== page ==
trpmb6 wrote:I'm certain this has been hashed out before.. What are the economics of flying widebodies on short routes. Are they doing this simply because they have the aircraft and need to put it to use? Pilot shortages? Surely the turnaround times kill these routes right?
Most of the routes mentioned here so far are long in the past. They either no longer exist at all or are no longer served by widebodies. When they were, it was because frequency was not important. The thought was, if you wanted to fly from San Francisco to Los Angeles (or whatever), you'd do it on the one daily flight. Nobody really thought about having a choice of *times* in those days.
The few modern short routes still flown with widebodies are usually down to either slot restrictions or positioning. In Japan, for example, there are just a lot of people going between cities like Tokyo and Osaka, and even with flights every 15 minutes in some cases, they need widebodies to meet demand because there's just no more runway, gate or airspace capacity (one or more of those; not sure which is the most constrained right now, though I'd guess airspace).
But, for example, there was or maybe still is a scheduled JAL flight that I had to prove to certain people actually existed that was a 777-300ER flying NRT-ITM. (It was actually in their timetable, and I flew it.) At first glance, this is a really weird route for that plane - it was a very late night flight, it's only about 250 miles, and it's not just a widebody (which was pretty common in Japan at the time), it's an ER. Well, it was for positioning. Every day or couple of days that plane would end up at Narita from an overseas flight, and they needed it for another long-haul from Itami. So they'd take whatever connecting passengers were at Narita from their other overseas flights and put them on that 777-300ER to go 250 miles.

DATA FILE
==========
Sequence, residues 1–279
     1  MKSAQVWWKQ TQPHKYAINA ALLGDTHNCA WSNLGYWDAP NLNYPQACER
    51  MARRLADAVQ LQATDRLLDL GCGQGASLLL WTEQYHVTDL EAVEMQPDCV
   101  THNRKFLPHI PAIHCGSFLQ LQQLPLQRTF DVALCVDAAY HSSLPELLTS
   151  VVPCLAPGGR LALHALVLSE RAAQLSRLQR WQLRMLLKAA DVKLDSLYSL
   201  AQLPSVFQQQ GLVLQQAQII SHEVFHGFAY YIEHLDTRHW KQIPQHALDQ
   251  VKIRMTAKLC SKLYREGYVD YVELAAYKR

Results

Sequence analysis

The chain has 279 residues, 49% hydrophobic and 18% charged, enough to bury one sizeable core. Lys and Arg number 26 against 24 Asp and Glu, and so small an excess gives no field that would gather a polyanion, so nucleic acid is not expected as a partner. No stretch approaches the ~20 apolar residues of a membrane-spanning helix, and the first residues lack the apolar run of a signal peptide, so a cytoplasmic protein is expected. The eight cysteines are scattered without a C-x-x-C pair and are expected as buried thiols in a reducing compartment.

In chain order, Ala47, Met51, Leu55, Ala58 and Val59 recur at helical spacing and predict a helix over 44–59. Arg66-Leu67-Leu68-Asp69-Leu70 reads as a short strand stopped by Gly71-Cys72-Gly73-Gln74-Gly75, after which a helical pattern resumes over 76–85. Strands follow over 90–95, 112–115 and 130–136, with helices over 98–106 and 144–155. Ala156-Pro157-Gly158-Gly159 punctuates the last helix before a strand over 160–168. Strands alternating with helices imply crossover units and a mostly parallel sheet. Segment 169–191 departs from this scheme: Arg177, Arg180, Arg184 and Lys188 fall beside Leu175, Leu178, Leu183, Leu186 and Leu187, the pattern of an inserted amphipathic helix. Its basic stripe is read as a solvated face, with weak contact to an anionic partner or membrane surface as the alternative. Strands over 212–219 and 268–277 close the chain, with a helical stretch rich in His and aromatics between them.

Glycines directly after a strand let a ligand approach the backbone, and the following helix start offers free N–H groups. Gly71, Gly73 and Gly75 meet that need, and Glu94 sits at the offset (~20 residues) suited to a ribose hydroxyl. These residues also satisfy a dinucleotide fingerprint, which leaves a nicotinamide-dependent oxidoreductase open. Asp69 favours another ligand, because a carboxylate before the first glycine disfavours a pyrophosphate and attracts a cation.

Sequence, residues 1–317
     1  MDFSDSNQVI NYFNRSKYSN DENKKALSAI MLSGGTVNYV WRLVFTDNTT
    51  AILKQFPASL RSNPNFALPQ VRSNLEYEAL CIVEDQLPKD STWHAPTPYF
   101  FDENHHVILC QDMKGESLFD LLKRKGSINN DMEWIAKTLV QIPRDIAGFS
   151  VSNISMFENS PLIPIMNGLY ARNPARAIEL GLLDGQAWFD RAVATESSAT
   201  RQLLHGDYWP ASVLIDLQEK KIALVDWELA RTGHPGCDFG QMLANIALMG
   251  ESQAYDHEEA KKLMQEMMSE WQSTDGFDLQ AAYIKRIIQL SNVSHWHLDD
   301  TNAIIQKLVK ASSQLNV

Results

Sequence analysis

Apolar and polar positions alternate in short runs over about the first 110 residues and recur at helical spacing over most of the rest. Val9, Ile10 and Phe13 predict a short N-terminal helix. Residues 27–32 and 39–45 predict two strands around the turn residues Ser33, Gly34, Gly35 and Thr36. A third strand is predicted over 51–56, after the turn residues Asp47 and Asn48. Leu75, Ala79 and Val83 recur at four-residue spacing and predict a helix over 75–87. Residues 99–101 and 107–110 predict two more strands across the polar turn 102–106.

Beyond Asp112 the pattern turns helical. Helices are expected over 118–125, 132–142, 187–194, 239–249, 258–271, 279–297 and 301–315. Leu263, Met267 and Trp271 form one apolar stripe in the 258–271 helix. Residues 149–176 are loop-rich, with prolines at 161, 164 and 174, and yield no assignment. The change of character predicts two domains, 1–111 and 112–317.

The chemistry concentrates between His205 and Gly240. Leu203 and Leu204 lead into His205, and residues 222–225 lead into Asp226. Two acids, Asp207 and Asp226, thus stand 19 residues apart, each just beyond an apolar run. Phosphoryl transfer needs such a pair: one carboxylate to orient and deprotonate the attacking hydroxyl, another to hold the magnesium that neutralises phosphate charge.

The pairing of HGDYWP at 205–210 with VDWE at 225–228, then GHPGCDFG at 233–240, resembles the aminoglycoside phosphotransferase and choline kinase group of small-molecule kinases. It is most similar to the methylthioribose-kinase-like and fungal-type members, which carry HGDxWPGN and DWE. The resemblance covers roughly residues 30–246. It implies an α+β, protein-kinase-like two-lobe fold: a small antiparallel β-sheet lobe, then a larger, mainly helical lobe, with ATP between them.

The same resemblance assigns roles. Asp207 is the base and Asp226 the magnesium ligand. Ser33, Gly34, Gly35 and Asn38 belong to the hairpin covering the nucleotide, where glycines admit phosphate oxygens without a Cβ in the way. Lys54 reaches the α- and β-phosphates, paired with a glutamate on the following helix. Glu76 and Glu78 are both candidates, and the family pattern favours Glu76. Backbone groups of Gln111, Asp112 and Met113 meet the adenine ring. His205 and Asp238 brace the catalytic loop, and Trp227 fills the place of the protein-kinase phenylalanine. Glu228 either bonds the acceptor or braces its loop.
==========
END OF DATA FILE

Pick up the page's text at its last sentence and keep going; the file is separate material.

I'm sure many other flights listed here are similar to that, especially if they're still served by widebodies today. May as well make whatever money you can from those positioning flights.